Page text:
1. Start chronograph.
  2. Perform the task.
  3. Stop chronograph.
  4. Read numbers on the tachymeter bezel.

Hypothetically, say your tachymeter starts on the 60 at 12 o’clock, has 240 at 3 o’clock, 120 at 6 o’clock, and 80 at 9 o’clock. If you start your chronograph (at 12 o’clock to measure seconds) and run one mile in 30 seconds, you will stop the chronograph at 30 seconds. The tachymeter will tell you that you can run 120 miles in an hour. 

  1. Start chronograph
  2. A person runs one mile
  3. Stop chronograph when mile is completed
  4. Tachymeter bezel shows how many miles the person can run in one hour.

Not all tachymeters have the same measurement units around the outside. Some watches may show slightly different markers, so this example could look somewhat different from watch to watch. However, the tachymeter will still calculate the same units per hour.

The Pulsometer Bezel: Heartbeat Counter

A pulsometer bezel is similar to a tachymeter bezel. The only difference is that it is used to measure heartbeats per minute and uses different measurement units to do so.

However, it is good to note that not all racing watches will have a pulsometer because a person’s pulse is not that important under racing circumstances. Still, some racing watches do have them, because, let’s be honest, most racing watches aren’t used for racing cars these days.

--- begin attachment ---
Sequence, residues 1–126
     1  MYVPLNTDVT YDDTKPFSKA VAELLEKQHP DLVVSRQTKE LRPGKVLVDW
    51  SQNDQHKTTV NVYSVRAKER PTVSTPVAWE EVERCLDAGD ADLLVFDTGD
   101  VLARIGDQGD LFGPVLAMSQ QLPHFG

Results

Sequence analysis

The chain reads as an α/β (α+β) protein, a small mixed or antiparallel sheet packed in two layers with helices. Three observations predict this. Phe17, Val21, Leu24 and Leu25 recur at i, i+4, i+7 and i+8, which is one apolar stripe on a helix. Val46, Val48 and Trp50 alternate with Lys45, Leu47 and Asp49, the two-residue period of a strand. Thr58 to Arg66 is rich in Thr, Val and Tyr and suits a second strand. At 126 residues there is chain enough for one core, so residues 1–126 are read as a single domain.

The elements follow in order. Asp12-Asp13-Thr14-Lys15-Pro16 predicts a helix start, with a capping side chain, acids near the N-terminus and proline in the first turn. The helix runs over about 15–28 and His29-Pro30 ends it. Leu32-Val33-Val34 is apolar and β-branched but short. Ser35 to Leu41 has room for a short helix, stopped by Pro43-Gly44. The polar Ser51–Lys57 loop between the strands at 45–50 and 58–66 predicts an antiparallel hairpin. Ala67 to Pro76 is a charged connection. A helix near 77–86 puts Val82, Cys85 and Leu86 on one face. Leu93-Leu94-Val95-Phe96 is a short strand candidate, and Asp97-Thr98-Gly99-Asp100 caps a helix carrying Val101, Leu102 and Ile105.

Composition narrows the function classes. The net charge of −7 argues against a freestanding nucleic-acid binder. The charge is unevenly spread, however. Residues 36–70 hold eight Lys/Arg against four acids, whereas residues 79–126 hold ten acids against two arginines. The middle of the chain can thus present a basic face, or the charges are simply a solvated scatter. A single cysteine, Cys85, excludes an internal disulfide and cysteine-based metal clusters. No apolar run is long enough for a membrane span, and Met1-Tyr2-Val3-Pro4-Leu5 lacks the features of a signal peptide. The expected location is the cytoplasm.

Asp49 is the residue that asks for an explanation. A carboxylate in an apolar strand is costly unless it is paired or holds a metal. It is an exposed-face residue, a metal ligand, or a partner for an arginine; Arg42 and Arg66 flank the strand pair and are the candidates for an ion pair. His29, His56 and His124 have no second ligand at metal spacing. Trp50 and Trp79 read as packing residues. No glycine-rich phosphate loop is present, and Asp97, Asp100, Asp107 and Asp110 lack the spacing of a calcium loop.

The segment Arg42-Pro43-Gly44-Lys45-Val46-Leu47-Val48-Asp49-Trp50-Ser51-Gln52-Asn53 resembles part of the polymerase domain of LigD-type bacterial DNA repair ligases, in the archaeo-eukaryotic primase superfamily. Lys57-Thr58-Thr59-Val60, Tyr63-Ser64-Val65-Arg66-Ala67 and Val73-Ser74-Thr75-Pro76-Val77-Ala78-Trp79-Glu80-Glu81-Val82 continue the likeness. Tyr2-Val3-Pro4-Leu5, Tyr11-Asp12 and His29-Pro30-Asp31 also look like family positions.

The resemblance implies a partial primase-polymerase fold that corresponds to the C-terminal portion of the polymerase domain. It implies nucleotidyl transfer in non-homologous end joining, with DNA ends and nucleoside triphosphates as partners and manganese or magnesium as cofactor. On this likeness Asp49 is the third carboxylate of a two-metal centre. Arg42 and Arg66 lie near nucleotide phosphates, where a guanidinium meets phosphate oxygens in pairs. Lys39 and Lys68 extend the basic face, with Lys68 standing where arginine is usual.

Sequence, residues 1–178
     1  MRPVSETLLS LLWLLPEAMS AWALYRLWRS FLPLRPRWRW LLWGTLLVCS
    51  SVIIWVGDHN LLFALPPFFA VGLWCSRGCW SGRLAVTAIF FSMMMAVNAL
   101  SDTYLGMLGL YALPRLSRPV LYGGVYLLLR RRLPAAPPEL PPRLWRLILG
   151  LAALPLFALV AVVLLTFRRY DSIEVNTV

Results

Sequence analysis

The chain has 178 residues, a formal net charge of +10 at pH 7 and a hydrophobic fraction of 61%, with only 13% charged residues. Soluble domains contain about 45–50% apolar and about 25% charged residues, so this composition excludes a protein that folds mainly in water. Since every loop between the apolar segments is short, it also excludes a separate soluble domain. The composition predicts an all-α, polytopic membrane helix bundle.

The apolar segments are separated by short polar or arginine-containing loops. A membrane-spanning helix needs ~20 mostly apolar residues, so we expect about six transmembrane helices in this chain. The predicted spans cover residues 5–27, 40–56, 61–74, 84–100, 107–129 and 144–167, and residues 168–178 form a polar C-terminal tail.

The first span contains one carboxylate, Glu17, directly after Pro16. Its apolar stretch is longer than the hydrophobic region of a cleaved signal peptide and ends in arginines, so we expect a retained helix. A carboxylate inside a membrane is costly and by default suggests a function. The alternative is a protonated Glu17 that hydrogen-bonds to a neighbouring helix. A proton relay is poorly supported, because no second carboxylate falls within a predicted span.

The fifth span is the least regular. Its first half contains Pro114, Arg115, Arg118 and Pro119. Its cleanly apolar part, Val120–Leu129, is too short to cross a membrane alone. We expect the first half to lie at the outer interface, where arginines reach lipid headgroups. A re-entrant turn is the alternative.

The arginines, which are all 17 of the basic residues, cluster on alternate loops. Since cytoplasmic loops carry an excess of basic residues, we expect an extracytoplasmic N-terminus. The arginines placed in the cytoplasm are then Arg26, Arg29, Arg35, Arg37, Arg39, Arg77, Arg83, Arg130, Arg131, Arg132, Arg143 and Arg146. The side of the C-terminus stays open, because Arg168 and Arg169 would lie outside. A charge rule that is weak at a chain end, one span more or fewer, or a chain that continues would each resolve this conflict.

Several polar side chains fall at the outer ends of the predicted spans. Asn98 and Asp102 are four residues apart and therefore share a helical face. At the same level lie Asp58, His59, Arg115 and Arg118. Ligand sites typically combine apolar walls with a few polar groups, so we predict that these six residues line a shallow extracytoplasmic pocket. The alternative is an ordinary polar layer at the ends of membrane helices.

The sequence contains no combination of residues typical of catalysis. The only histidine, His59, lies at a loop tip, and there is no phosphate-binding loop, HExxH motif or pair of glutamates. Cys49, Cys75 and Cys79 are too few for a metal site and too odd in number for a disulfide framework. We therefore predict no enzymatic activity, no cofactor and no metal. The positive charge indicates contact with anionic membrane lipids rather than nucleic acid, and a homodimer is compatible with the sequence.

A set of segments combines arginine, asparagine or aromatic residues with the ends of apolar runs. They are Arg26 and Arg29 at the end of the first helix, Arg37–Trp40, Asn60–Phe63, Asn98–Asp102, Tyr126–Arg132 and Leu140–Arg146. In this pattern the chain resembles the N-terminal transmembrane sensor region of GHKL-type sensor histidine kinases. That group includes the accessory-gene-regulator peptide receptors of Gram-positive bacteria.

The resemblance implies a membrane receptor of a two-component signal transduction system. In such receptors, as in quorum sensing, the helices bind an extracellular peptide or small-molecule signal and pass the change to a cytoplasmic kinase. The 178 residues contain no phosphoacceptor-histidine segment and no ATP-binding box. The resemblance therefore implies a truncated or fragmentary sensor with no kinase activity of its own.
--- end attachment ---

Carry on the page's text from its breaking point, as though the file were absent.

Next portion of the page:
To use the pulsometer to count someone’s pulse:

  1. Hold your pointer and middle fingers to the person’s wrist.
  2. Start the chronograph and begin counting the beats in their wrist till you reach 30 and stop the chronograph. 
  3. The number that the second hand has landed on the pulsometer is their heartbeats per minute.

Final Thoughts

Racing watches are an iconic design that is not just for the automobile industry anymore. Racing watches are also worn by runners, swimmers, rowers, doctors, and even manufacturers. However, you don’t have to be in any of these fields to rock a racing watch. Racing watches are just as perfect for the outdoor adventurer as they are for the office’s most stylish man. 

The perfect racing watch awaits you. Find your Jack Mason racing style at the finish line here